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The Double-Edged Sword: How Union Demands Can Both Help and Harm Workers
While I strongly support workers' rights and believe employees deserve fair compensation, I worry that some unions may go too far in their demands, hurting businesses' competitiveness and flexibility. This could ultimately harm workers and consumers.

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Take the United Auto Workers (UAW) union and the Big Three American automakers for example. UAW is requesting a 40% wage increase, 32 hour work weeks, increased retiree benefits, and pay for laid-off workers doing community service. By one estimate, this would add $80 billion in labor costs for the automakers. Compared to auto workers in Japan, Mexico and China, US autoworkers already earn high wages. It's understandable why automakers have moved production overseas seeking cheaper labor.

Labor costs impact automakers' ability to price vehicles competitively. Unlike UPS, which can pass higher labor costs to customers given its duopoly with FedEx, the Big Three face intense competition and limited ability to raise prices. To meet UAW's demands, they may need to cut vehicle models and focus solely on luxury vehicles. Stellantis has suggested it can't produce a $25,000 EV if UAW demands are met.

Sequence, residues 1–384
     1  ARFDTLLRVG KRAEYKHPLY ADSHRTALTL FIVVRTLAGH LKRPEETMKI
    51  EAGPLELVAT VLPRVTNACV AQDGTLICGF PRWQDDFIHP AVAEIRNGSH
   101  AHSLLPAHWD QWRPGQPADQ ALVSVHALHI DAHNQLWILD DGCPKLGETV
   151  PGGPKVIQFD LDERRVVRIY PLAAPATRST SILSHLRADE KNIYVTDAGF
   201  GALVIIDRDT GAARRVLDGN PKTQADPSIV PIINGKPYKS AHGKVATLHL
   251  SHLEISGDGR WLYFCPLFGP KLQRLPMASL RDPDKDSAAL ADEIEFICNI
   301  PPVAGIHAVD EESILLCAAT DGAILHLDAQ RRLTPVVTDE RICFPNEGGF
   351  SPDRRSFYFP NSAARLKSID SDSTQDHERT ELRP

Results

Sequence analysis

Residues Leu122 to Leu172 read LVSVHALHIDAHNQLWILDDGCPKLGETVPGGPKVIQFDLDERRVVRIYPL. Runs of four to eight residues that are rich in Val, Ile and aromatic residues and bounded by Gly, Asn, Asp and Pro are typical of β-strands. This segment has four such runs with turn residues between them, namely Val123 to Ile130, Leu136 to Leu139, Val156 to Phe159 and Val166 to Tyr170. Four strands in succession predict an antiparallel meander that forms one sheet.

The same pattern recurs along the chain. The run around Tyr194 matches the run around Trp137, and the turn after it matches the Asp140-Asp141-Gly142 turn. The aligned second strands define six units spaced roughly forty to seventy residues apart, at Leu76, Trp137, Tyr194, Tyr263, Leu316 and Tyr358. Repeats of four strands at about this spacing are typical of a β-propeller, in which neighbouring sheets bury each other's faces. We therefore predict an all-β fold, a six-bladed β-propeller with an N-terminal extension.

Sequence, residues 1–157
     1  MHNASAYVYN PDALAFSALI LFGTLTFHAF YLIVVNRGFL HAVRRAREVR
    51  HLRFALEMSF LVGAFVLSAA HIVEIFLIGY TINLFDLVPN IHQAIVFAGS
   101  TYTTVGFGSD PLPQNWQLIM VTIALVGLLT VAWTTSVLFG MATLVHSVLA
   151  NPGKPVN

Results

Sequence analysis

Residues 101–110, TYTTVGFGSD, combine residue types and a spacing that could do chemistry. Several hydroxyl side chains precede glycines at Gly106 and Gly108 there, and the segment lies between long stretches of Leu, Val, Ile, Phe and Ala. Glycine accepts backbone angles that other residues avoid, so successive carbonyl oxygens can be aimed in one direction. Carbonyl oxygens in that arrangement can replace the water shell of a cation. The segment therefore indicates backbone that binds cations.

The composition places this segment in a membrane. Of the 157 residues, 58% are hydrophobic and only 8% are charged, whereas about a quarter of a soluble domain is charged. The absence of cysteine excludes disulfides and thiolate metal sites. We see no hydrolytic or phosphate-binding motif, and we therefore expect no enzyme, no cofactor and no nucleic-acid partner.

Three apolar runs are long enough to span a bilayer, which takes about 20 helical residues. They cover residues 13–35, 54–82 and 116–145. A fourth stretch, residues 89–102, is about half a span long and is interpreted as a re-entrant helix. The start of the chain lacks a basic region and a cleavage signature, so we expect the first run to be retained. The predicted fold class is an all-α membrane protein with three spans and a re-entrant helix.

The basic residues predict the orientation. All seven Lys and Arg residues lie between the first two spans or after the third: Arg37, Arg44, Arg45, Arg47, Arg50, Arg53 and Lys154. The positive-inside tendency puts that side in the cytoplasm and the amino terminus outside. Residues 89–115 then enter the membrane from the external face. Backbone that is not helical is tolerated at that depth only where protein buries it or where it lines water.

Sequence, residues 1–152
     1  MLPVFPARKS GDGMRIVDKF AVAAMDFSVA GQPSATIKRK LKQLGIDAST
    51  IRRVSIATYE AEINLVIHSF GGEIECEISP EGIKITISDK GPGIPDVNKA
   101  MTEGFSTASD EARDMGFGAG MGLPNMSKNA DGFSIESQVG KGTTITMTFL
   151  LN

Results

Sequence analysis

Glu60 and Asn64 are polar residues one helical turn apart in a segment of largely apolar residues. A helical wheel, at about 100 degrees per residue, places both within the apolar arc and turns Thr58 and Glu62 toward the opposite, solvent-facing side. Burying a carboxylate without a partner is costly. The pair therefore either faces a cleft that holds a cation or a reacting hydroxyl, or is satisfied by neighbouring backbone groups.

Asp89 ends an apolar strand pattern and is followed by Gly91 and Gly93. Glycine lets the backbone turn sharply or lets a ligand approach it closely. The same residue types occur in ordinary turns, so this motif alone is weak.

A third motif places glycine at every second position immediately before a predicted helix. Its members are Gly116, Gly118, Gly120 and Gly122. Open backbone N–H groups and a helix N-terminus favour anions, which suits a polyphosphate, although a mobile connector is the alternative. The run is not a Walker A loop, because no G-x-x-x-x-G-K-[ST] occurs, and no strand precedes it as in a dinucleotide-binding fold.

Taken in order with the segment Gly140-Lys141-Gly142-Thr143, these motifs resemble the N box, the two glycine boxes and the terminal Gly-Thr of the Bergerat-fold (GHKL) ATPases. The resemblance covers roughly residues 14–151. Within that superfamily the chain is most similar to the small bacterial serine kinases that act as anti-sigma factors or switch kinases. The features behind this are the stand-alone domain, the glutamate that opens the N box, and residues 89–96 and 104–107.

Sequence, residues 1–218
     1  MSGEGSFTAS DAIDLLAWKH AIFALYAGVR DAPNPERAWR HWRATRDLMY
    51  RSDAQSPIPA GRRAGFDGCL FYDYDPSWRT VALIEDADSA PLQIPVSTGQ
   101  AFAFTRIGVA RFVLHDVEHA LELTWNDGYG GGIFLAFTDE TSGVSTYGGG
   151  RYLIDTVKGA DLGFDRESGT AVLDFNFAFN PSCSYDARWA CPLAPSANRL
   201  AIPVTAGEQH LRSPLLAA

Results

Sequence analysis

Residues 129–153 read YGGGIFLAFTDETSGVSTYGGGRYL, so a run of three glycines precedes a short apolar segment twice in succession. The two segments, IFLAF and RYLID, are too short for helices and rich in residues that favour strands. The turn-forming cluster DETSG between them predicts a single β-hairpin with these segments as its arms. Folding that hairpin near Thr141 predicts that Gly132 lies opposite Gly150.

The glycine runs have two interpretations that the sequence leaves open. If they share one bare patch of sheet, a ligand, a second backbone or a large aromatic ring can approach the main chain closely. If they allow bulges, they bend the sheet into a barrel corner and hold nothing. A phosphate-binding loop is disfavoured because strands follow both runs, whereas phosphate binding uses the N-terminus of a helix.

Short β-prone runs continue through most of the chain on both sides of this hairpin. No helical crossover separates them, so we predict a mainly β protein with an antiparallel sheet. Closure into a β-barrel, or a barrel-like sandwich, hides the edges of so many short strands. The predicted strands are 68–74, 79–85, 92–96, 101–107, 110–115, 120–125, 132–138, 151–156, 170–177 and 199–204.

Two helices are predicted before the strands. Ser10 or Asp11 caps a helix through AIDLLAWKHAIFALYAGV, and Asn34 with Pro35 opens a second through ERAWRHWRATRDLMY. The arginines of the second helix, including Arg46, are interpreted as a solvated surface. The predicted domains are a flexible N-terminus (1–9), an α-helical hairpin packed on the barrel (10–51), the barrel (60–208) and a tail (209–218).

While vehicle demand and profits are high currently, the Big Three's margins lag rivals like Tesla. They've invested billions retooling for EVs but are selling those models at a loss so far due to low production volumes. With higher interest rates pressuring cash flow, they need to cut costs to stay solvent long-term. Auto CEOs have all indicated this.

If workers want higher wages, productivity must also increase. Big investments in automation could boost output with fewer workers, but UAW opposes displacements. Until the Big Three can overcome UAW's influence, startups like Tesla and Rivian will likely outperform them. GM's big investment in Cruise reflects a potential pivot from automaker to robotaxi operator.

In summary, while I strongly support workers, some union demands may go too far, reducing business flexibility and competitiveness. This risks harming workers if companies fail or cut jobs. There are better paths to raise wages through increasing worker productivity and collaboration between labor and management.


Cato Institute
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